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IHS Markit PMI signals improved US GDP growth and faster hiring in February

  • Final PMI signals faster business activity, new orders and employment growth in February
  • Growth driven by improved service sector expansion
  • PMI indicates Q1 GDP growth of 2.6%. Data correctly signalled slower but still-solid Q4 expansion

The US PMI surveys tell a tale of two economies in February. While manufacturing struggled, with the survey consistent with a near-stalling of factory output and order books, the service sector remained encouragingly resilient, enjoying its strongest burst of activity for eight months.

Service sector gains offset factory woes

An improvement in the service sector activity index to 56.0 contrasted with a decline in the manufacturing output index to 52.7. With the size of the vast service sector overshadowing the weaker manufacturing sector, the two surveys consequently suggest the overall pace of economic growth accelerated in February.

At 55.5, the final composite PMI output index, which covers both manufacturing and services, rose from 54.4 in January to reach a seven-month high in February.

Aggregated inflows of new orders likewise picked up, rising at the fastest rate for four months. However, as with output, the gains were led by the service sector, with factory new orders growth easing closer to stalling territory.

Sustained growth in first quarter

The improvement in output and orders in February suggest the rate of economic growth in the first quarter is running at a similar pace of that seen in the closing months of 2018. Having correctly indicated that the economy grew at a slower but still solid pace in the fourth quarter (our model from the survey indicated 2.5% growth against an initial official estimate of 2.6%), the composite PMI data for the first two months of 2019 point to a similar 2.6% annualised rate of expansion in the first quarter (a 2.4% rate of expansion in January was followed by an upturn to 2.7% in February).

Job gains in question as optimism wanes

In addition to signalling stronger economic growth, the surveys suggest hiring also remained encouragingly solid in February with a 250,000 non-farm payroll rise indicated, albeit predominantly driven by the service sector.

The worry is that the manufacturing slowdown will spill over to the service sector, dampening economic growth in coming months. Historical comparisons from the survey data over the past decade highlight how business activity within the two sectors generally follows similar cycles.

Companies themselves certainly appear to have become more circumspect. Business optimism about the outlook cooled in February amid worries over the impact of tariffs, trade wars, higher prices and rising interest rates. Manufacturing sentiment fell especially sharply to the second-lowest in just over two years, while service sector optimism also waned to one of the weakest seen over the past year.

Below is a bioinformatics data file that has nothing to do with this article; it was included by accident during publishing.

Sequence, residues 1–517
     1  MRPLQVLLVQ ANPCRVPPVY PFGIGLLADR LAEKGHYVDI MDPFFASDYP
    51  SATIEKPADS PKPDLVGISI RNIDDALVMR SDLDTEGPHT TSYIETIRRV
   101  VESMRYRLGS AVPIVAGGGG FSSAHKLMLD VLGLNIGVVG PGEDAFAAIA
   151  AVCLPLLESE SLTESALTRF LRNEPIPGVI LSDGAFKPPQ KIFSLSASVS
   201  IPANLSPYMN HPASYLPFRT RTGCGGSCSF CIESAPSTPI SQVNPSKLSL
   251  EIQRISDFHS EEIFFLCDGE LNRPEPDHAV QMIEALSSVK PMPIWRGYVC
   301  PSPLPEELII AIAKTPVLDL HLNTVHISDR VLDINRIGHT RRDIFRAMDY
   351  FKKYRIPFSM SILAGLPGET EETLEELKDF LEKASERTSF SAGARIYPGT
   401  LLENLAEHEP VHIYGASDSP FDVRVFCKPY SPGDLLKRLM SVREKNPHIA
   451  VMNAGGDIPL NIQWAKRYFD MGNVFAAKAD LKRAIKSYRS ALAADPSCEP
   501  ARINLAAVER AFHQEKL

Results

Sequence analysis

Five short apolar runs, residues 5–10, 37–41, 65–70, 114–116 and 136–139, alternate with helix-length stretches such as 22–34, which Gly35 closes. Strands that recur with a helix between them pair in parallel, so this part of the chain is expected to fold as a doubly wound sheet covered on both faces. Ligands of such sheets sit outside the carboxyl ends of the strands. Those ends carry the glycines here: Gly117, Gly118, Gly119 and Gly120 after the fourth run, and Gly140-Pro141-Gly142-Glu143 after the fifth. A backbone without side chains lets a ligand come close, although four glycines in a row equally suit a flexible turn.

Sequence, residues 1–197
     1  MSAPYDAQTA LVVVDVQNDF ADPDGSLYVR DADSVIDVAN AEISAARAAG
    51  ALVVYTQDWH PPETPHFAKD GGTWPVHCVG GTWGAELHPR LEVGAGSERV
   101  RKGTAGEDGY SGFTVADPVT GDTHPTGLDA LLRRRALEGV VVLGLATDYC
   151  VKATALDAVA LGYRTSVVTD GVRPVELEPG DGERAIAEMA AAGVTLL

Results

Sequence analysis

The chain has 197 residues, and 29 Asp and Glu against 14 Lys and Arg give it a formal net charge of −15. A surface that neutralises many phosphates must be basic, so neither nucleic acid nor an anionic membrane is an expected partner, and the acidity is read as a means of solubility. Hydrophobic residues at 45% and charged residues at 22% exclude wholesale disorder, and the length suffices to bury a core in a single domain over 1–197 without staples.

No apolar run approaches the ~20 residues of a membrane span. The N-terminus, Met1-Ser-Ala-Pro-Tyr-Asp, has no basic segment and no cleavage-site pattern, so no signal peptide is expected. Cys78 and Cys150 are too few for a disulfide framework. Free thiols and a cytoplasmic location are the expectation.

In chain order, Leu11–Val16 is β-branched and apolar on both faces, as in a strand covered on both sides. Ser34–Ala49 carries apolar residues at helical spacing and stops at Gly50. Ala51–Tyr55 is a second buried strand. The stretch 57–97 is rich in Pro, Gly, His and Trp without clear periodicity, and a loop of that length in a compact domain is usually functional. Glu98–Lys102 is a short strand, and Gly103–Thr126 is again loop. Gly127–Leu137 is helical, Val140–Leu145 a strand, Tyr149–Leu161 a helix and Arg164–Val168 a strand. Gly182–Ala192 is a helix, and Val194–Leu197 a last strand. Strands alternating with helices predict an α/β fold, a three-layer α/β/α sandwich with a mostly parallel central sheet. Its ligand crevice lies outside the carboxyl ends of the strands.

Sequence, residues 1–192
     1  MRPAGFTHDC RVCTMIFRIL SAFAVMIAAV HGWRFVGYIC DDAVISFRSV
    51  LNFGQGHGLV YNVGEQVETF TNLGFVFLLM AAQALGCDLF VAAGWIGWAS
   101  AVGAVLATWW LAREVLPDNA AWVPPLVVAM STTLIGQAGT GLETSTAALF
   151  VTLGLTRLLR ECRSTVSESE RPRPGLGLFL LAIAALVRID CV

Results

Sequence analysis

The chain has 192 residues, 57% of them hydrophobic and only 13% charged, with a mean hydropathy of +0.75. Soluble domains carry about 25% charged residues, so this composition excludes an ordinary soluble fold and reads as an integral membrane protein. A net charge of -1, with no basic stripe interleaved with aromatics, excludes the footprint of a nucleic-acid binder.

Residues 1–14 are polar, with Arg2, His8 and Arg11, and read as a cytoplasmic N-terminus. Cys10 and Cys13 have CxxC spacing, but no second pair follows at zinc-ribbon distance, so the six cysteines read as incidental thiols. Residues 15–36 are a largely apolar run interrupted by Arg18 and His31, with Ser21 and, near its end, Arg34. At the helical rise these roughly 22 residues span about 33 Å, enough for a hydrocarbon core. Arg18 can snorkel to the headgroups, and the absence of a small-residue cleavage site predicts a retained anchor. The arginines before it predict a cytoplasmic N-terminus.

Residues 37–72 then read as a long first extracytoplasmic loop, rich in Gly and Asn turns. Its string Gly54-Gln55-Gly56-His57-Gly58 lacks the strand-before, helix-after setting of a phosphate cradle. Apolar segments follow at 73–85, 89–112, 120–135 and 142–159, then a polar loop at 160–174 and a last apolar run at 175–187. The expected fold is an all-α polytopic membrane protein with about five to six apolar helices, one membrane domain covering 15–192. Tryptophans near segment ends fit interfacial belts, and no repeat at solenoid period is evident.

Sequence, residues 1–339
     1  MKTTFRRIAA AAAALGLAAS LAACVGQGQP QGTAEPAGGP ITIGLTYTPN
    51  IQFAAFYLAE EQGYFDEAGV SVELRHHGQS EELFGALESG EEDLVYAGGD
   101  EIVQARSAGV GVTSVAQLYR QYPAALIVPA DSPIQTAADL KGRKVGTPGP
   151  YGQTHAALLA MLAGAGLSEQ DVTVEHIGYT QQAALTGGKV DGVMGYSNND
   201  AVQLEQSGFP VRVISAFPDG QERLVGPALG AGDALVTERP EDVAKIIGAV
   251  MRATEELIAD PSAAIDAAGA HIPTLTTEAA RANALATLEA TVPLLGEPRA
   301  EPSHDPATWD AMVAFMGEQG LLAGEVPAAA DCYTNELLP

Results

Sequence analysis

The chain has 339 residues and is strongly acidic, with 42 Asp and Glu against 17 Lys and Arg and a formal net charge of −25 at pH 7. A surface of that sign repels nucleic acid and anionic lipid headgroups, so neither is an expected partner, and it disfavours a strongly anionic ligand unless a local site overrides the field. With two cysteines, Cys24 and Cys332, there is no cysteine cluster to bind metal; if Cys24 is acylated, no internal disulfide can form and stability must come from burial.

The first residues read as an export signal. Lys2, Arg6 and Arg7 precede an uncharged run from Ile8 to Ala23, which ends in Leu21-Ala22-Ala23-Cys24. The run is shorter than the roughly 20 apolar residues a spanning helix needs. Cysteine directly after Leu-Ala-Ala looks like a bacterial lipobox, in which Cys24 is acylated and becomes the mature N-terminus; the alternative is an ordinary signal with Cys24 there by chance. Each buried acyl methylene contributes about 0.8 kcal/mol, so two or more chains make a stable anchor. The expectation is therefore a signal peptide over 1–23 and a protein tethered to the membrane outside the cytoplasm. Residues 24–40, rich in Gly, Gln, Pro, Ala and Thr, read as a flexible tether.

Beating the consensus

Fourth quarter GDP surprised analysts to the upside, with an initial estimate from the BEA of 2.6% coming in ahead of the consensus expectation of a 2.1% increase, but was in line with the IHS Markit PMI signal. In fact, as far back as October we had been indicating 2.5% growth for the fourth quarter, confirming that estimate in November, December and January.

The consensus beating estimate highlights how, with over a decade of history in the US, the IHS Markit PMI can now be used to accurately predict US GDP growth in advance.

IHS Markit PMI data are already widely used to nowcast GDP in many economies including the Eurozone and UK by organisations which include central banks. ECB staff describe the "outstanding PMI-based GDP track record" in the euro area with a recent paper highlighting how "a tracker for GDP growth using only the PMI is of similar accuracy for the final GDP release as the first GDP release." Given that the PMI is available well in advance of the first official GDP release, the PMI is consequently extensively used in nowcasting and European policymaking.

In the US, comparisons are difficult as the official GDP data have tended to suffer from undue volatility, mainly in the first quarters of each year between 2008 and 2014. This is thought to be due to the official data not fully capturing seasonal influences. The PMI should not be expected to predict such errors and the inclusion of such 'outliers' would only distort the model and resultant GDP estimates.

Allowing for such residual seasonality lifts the correlation of GDP with the PMI to 87%, therefore improving the model's predictive power for future GDP estimation. The adjusted r-square of the outlier adjusted model is 0.76. Once allowance is made for GDP outliers as described above, the model has provided an advance warning of all turning points in the economy over the past decade as well as providing an accurate guide to GDP growth rates.

Chris Williamson, Chief Business Economist, IHS Markit
Tel: +44 207 260 2329
This email address is being protected from spambots. You need JavaScript enabled to view it.


© 2019, IHS Markit Inc. All rights reserved. Reproduction in whole or in part without permission is prohibited.

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